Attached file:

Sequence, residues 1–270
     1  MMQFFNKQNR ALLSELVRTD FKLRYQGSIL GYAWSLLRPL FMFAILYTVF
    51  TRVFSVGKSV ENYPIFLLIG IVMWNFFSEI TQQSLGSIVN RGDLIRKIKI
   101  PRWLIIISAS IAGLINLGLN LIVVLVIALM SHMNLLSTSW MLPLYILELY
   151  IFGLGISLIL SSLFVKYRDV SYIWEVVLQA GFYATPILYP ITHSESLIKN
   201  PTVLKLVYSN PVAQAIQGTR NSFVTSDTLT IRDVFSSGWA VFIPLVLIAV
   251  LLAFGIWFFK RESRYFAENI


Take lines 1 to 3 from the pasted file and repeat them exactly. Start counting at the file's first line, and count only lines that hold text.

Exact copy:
Sequence, residues 1–270
     1  MMQFFNKQNR ALLSELVRTD FKLRYQGSIL GYAWSLLRPL FMFAILYTVF
    51  TRVFSVGKSV ENYPIFLLIG IVMWNFFSEI TQQSLGSIVN RGDLIRKIKI